According to Gizmodo who reported on Friday the 22nd, in the Arctic Circle, it was roughly 80 degrees. This is something we do not see often and could be quite concerning depending on how you look at it.

For what seems like weeks now we’ve been seeing news of a heatwave being faced in the Central Arctic and it’s important to be aware of. With all the things going on in the world right now we should not be putting climate change and other issues on the backburner, we should be facing them all regardless of the things we’re experiencing. They cannot just be put off. This period and I guess you could also say the heats we’ve been seeing now as well are not something you should consider normal and seem to be a response to the increasing amounts of greenhouse gases our atmosphere is dealing with whether you want to admit it or not. 

When you think of the Arctic circle chances are the idea of heat or warmer weather is something you would not allow to cross your mind but as time passes that could become the ‘norm.’ As you can see in the tweet above, Mika Rantanen who happens to be a researcher at the FMI posted a graphic of the heat western Siberia. I know, this might sound like a lot but it seems quite true and these temperatures are quite warm even for those not in the area. 

Washington Post wrote as follows covering the heat Siberia has been facing:

The warmth in Siberia is already having repercussions on Arctic ecosystems, with unusually large Siberian wildfires already burning this year, snow cover plummeting unusually quickly and sea ice cover in areas such as the Kara Sea, which lies to the north of Central Siberia, at a record low for the date, having begun its seasonal melt more than a month earlier than is typical.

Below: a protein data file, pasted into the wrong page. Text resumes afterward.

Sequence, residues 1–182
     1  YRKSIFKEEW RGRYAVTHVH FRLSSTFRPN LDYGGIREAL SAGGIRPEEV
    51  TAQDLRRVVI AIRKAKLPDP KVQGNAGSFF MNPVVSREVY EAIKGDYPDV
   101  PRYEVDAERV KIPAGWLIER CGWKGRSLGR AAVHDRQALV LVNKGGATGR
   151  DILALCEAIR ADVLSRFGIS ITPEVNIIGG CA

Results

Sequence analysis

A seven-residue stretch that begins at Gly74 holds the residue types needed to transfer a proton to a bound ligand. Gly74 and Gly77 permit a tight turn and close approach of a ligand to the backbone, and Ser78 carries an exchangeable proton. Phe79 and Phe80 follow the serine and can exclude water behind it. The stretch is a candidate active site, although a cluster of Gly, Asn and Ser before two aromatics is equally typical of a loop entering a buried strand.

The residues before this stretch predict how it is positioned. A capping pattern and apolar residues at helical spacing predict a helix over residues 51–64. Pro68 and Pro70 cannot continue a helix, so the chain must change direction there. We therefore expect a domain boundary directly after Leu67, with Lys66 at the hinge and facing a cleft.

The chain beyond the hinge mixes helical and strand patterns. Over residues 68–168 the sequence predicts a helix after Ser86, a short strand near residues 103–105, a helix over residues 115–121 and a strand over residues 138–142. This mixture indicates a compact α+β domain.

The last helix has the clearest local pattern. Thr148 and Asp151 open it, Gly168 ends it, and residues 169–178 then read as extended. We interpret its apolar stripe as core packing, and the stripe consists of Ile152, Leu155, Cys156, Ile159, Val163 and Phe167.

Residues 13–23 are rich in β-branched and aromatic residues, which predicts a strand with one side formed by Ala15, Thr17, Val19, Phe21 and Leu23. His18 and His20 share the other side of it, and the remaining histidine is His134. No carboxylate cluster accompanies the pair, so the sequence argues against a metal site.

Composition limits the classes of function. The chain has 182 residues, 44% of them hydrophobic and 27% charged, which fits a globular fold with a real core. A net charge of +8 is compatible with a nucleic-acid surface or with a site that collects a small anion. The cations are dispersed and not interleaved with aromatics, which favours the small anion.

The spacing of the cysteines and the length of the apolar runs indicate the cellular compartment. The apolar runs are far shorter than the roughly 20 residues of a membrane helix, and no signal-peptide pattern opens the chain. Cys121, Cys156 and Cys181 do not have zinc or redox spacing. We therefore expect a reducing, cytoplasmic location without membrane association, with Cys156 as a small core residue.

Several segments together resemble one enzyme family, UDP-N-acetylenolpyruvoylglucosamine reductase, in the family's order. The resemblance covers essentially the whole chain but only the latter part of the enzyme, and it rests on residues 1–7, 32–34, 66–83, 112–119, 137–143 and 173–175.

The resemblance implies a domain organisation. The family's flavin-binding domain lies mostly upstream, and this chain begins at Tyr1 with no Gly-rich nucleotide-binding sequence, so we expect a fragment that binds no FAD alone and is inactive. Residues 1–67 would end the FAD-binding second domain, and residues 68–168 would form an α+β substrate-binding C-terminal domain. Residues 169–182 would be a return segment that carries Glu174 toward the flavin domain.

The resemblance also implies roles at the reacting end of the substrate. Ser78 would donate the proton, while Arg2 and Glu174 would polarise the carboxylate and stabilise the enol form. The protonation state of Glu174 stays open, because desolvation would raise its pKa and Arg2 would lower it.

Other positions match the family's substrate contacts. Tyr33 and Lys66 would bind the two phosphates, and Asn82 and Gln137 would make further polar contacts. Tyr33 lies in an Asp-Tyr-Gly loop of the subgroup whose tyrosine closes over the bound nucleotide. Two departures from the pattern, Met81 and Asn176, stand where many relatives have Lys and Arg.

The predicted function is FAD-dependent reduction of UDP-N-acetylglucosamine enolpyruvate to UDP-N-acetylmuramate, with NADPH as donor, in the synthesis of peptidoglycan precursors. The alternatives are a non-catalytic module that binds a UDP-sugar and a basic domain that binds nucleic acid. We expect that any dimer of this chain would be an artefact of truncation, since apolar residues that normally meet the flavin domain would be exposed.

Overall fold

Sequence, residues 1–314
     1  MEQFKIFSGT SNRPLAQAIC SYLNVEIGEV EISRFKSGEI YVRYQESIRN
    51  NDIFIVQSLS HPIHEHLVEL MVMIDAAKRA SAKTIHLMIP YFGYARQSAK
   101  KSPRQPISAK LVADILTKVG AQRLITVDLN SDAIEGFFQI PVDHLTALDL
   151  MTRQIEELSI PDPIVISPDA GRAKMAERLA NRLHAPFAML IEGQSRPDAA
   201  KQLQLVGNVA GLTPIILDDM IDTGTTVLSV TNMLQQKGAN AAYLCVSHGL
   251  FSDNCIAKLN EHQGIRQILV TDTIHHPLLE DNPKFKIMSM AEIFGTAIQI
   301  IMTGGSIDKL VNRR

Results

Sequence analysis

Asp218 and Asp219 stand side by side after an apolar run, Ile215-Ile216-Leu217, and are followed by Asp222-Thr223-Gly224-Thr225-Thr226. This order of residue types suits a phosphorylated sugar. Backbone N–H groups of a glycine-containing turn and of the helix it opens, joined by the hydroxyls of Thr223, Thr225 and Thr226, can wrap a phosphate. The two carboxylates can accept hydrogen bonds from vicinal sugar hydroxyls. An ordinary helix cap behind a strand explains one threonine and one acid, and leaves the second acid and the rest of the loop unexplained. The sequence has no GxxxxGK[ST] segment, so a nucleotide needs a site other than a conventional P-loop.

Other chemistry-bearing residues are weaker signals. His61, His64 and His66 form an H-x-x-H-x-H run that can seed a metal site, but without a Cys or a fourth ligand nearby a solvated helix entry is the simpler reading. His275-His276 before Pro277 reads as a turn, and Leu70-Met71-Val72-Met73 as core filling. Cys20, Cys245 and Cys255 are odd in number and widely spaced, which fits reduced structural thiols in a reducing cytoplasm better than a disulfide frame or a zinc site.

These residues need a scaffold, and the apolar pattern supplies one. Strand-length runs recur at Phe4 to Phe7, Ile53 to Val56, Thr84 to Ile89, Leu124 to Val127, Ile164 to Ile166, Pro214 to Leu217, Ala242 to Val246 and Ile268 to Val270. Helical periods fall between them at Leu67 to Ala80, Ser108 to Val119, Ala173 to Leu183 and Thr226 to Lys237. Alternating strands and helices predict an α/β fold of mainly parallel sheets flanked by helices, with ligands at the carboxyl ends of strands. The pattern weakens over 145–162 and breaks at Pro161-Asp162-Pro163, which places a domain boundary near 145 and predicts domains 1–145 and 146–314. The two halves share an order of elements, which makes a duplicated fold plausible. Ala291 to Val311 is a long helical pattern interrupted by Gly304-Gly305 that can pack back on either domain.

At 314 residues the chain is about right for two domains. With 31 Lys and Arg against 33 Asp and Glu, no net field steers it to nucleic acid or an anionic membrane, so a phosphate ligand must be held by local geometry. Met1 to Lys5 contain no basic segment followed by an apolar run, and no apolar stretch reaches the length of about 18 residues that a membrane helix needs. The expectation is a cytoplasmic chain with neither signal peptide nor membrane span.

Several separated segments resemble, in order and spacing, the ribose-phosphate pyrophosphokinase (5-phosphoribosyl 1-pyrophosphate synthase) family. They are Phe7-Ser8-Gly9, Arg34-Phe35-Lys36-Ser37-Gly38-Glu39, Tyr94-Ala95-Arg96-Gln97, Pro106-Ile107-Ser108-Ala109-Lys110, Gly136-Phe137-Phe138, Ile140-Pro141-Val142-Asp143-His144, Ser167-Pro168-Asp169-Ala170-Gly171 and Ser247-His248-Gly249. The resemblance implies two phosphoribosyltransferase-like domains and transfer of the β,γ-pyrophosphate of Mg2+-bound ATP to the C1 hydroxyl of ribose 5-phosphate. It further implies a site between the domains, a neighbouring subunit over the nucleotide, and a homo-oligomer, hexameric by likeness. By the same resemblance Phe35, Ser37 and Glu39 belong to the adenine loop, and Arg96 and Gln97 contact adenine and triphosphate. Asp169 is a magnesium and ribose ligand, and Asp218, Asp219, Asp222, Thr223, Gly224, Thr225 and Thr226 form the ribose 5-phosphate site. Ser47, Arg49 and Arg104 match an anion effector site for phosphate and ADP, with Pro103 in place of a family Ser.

In recent years, scientists have raised growing concerns about the stability of Arctic permafrost, including stretches of permanently frozen soil located throughout Siberia. When the permafrost thaws, carbon dioxide and other planet-warming greenhouse gases that had been locked away for centuries is freed up, constituting an accelerant to global warming.

Scientists refer to this phenomena as the somewhat innocuous-sounding “positive climate feedback,” which in reality is not a good thing.

According to Zack Labe, a graduate student at the University of California at Irvine who researches Arctic climate change, what has recently been taking place in Siberia has been extraordinary.

“Although Siberia is known for wild temperature swings, the persistence and magnitude of warmth over the region so far this year has been astonishing,” he said via email. “This week is an example of an extreme event, with summer-like temperatures over parts of Western Siberia thanks to a strong upper level ridge. We can already see this reflected in snow cover data, as there are large negative departures of snow extent stretching across the entire Siberian coast of the Arctic,” he said.